Unfortunately, for people in their 70s without much balance left it isn't as easy as riding a bike. It has maybe 50 miles on it.
post #100 of 115
Comprex,

You are my hero.

Great job.
post #101 of 115
Moustache bars are awesome. Really comfy for long rides, especially since my wrists are going from wrenching.
post #102 of 115
post #103 of 115
Thread Starter 

Commuter bike # 2

OK, It's time to upgrade !

I'm now cycling 100 + miles a week and I have a better idea of what my needs are. I like steel frames more than aluminum. I like bigger Kevlar tires more than skinny road race tires. I should have the bike ergonomically maximized for all day comfort and endurance.

I'm starting with this;

[ IMG ]

[ /IMG ]

See: http://www.somafab.com/frames.html

I would like to finish with this;


[ IMG ][ /IMG ]

The frame is $305.00 and with the help of Josh, I've found most of the parts to make a 1x8. I already have two wheel-sets, one with 700cx28 Gatorbacks for fast weekend rides and another with 700cx38 Armadillo's for commuting in Chicago.

Overtime, I'll upgrade it to a high spec bike with a quality CX group and a few bits of carbon here & there.

What do you think?

Michael
post #104 of 115
Are the drop bars a preference? I find I'm never on the drops, rather always on the tops of the brakes.
post #105 of 115
Thread Starter 
Quote:
Originally Posted by BigE View Post
Are the drop bars a preference? I find I'm never on the drops, rather always on the tops of the brakes.
I'm on the fence concerning which style of bars. My current bike is a flat bar. I like it, but I spend 98% of the commute just sitting & spinning. I expect that the drop bars will encourage a more active riding style and get me off my seat more often.

Michael
post #106 of 115
Quote:
Originally Posted by WILDCAT View Post
I expect that the drop bars will encourage a more active riding style and get me off my seat more often.

Michael
Something about that seems the wrong way 'round, not sure what.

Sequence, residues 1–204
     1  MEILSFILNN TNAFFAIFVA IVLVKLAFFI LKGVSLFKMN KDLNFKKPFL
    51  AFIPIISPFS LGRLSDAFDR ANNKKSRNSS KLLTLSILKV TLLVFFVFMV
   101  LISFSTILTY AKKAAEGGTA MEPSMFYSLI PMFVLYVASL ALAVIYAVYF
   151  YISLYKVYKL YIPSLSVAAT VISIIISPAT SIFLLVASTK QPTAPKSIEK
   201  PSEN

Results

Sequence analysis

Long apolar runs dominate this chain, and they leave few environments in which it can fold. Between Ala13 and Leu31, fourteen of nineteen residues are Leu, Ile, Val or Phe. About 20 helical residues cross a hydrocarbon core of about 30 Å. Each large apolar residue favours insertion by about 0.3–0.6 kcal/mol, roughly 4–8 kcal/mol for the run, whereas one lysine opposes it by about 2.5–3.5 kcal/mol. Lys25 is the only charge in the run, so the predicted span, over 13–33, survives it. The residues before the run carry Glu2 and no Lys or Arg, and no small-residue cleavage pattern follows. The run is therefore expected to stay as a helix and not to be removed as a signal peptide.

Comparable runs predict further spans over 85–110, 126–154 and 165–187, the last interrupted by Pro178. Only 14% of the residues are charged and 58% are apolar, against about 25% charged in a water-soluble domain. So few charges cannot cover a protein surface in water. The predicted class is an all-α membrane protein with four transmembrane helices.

Drops are great for out of saddle work, sure. Actually the drops are great anytime the hips move forward, including sitting on the rivet.*

But, erm, why would you want to encourage coming off the seat, and how is having drops going to do it? : Why not just shift into a taller gear?

(*And for windy days. And for massive or accurately modulated braking effort (read: rainy downhills), but that's a lever choice issue too).
post #107 of 115
Thread Starter 
Quote:
Originally Posted by comprex View Post
Something about that seems the wrong way 'round, not sure what.

Drops are great for out of saddle work, sure. Actually the drops are great anytime the hips move forward, including sitting on the rivet.*

But, erm, why would you want to encourage coming off the seat, and how is having drops going to do it? : Why not just shift into a taller gear?

(*And for windy days. And for massive or accurately modulated braking effort (read: rainy downhills), but that's a lever choice issue too).
Hi Comprex,

A drop bar bike puts more weight on the hands and feet and reduces the dependence on sitting... IMHO.

One of the reasons for the upgrade is to fit the bike with the right stem, seat & seat post, and pedals & shoes to improve my efficiency.

I also want to be able to accelerate with some purpose, and getting my arse off the seat will help me to apply more power to the crank, no?

Michael
post #108 of 115
Well, I'm pretty convinced that more power to the crank (training effect) and stronger abs will take weight off hands and feet, whether the hands are up or down; ymmv, and we don't want ya with a sore neck.

Efficiency is a good goal, I'm all for it.

It is very hard to pedal round Os while standing, in fact it is not trivial to pedal Us, and even ()s take some hamstring kicking practice.

So, I am not convinced that standing necessarily applies more power.
I am easily convinced that standing applies greater peak force.

So max power seated would be my goal in tweaking seat position and cockpit.
post #109 of 115
Thread Starter 
Quote:
Originally Posted by comprex View Post
Well, I'm pretty convinced that more power to the crank (training effect) and stronger abs will take weight off hands and feet, whether the hands are up or down; ymmv.

Efficiency is a good goal, I'm all for it.